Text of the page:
The Critical Role of Play, Passion & Purpose for 21st Century Learning & Why Rethinking…* is Greater Than Inventing

“What must we do differently to develop the capacities of many more of our young people to be innovators?”

In this talk from the 2012 TEDxNYED conference, Tony Wagner, Innovation Education Fellow at the Technology & Entrepreneurship Center at Harvard and author of several books on transforming education for the 21st century, argues that in the new global ‘knowledge economy’, where knowledge has become a commodity, “what the world cares about is not what you know but what you can do with what you know, and that is a completely different education problem.” The question then becomes, “what must we do differently to develop the capacities of many more of our young people to be innovators?”

Wagner identifies a set of seven core competencies that  “every young person must be well on the way to mastering before he or she finishes high school, not just to get a good job, but to be a continuous learner and an active and informed citizen in the 21st century”. They are:

  1. Critical thinking & problem solving
  2. Collaboration across networks & leading by influence
  3. Agility & adaptability
  4. Initiative & entrepreneurialism
  5. Effective oral & written communication
  6. Accessing & analyzing information
  7. Curiosity & imagination

Wanting to learn more about how these seven core competencies could be facilitated and cultivated, Wagner interviewed a wide range of young innovators in their 20s across various disciplines and industries as well as their parents to uncover any potential patterns in the young innovators’ upbringing and learning culture. He also asked each of the young innovators whether there had been teachers or mentors who had made a significant difference in their lives. Rather shockingly, one-third of all the innovators interviewed could not identify a single teacher or mentor. Also alarming, when Wagner went to interview each of the teachers and mentors that the other two-thirds of innovators had identified, he found that every single one of them was an outlier in his or her institution.

After conducting the interviews, Wagner did see a significant pattern emerge in how these adults had fostered the skills and motivation necessary to become innovators in the young people he had interviewed: “play to passion to purpose.”  Which led him to conclude, “the culture of schooling, as we have grown up with it, is radically at odds with the culture of learning that produces innovators in five essential respects.” They are:

  1. Celebrating individual achievement vs. Teamwork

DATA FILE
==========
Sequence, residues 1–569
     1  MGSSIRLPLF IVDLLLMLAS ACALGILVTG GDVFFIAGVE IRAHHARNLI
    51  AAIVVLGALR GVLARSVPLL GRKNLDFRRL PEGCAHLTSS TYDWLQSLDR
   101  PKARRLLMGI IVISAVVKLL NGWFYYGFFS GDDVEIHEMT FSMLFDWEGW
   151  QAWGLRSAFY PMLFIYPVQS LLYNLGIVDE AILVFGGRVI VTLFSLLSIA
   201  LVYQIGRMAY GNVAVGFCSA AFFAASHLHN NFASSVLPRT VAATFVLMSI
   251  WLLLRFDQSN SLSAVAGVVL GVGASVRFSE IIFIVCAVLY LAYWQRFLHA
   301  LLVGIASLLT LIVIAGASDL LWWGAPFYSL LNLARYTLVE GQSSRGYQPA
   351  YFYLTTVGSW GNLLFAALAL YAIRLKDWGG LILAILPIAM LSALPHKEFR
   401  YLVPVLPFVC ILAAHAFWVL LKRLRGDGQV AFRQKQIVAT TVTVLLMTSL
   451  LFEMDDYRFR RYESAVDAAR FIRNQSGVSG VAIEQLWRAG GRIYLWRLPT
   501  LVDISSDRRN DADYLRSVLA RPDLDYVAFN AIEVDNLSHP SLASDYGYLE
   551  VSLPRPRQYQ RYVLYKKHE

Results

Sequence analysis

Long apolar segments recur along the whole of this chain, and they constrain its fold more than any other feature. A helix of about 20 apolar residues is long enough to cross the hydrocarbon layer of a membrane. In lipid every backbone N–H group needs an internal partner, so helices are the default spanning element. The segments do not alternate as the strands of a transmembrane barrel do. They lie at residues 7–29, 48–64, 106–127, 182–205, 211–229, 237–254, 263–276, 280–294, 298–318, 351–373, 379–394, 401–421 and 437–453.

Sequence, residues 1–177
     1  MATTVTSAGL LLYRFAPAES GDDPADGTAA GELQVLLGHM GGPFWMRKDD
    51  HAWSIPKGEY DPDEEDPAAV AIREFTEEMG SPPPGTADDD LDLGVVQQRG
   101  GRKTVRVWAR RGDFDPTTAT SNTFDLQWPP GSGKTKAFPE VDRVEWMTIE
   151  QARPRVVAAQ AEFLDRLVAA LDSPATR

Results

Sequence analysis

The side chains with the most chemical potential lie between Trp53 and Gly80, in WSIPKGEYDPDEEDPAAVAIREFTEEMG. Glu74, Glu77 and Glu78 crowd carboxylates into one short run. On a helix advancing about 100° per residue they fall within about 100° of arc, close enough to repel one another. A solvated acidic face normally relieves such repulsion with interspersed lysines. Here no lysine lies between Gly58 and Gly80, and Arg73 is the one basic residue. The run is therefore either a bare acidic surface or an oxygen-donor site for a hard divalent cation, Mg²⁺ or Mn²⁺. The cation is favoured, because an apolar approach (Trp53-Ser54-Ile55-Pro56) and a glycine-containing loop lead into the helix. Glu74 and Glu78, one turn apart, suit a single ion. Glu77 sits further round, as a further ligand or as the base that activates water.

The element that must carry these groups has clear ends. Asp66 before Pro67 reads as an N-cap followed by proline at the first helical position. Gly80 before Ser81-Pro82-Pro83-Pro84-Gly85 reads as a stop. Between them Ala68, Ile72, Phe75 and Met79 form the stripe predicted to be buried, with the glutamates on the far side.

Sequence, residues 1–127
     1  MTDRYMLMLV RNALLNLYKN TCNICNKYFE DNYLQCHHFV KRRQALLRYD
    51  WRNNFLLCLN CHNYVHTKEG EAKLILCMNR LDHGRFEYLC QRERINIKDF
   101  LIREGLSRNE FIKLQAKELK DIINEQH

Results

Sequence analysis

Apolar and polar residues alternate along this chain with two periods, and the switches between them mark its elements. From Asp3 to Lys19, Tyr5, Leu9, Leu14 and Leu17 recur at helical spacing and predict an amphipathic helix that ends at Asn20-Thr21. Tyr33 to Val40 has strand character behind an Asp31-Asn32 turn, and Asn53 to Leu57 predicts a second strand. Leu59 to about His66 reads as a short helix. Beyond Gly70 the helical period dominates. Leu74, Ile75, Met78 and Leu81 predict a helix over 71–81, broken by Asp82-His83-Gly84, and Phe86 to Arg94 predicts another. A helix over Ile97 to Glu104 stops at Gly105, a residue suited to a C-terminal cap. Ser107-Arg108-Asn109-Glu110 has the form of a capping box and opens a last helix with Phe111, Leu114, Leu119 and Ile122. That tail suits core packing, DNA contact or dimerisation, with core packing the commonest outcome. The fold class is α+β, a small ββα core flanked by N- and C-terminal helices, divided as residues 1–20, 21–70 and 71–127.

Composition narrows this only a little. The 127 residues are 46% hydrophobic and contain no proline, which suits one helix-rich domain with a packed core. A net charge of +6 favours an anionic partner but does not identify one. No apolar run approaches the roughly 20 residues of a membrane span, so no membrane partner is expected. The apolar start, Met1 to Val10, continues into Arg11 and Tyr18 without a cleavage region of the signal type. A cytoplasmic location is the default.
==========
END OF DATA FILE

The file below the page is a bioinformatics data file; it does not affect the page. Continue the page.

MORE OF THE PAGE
2. Specialization vs. Interdisciplinary
  3. Risk aversion & penalizing failure vs. Taking risks, learning from mistakes, iterating
  4. Culture of learning is about passive consumption vs. Culture of innovation is about creating real products for real audiences
  5. Extrinsic incentives for learning vs. Intrinsic Motivation

What I found particularly interesting about Wagner’s talk is the fact that while I agree 150 percent with the insights he shares about the direction education and the learning culture should be taking in the 21st century, I fundamentally disagree with his opening remark, when he says, “I would like to respectfully suggest that our schools are not failing, they certainly don’t need reforming. The system is obsolete and needs reinventing, not reforming.”  This notion that we must start from scratch, begin again or create a new foundation in order to achieve something innovative and thriving is one that keeps coming up and which we find unrealistic and detrimental, here at rethinked…*. It should come as no surprise given our name that the belief that rethinking is greater than inventing is a founding principle that underlies all of our work. So often these days, especially in the education reform debate, we hear people calling for a complete reinvention of the system–do away with classrooms, do away with teachers… These solutions are often unrealistic in terms of widespread implementation and rarely account for the wide spectrum of learning styles and differences in our students. Starting over is a luxury that we do not have. To be fair, Wagner does emphasize what each one of us can do as individuals–whether as parents, mentors, or teachers–to bridge the gap between the current culture of schooling and the culture of learning that fosters innovators (hint: model the desired behavior). And when he speaks of the need to reinvent the system, he’s talking about the underlying principles of our education culture rather than the brick and mortar educational system. Yet, the notion of sustainability does have an important place even in the sometimes abstract world of ideas. While it is disheartening to think that of all the young innovators Wagner interviewed, only two-thirds could identify a significant teacher or mentor, and that in every single case, these mentors were outliers in their fields, the fact is, they were still there–they are already a part of the system. It’s not so much about reinventing the wheel as much as finding ways to amplify, cultivate and facilitate the nuggets of potential already strewn throughout the system. I’d love to hear your take on the rethinking vs. inventing debate in the comments section below.

Play, passion, purpose: Tony Wagner at TEDxNYED | via TEDxTalks, published May 30, 2012.

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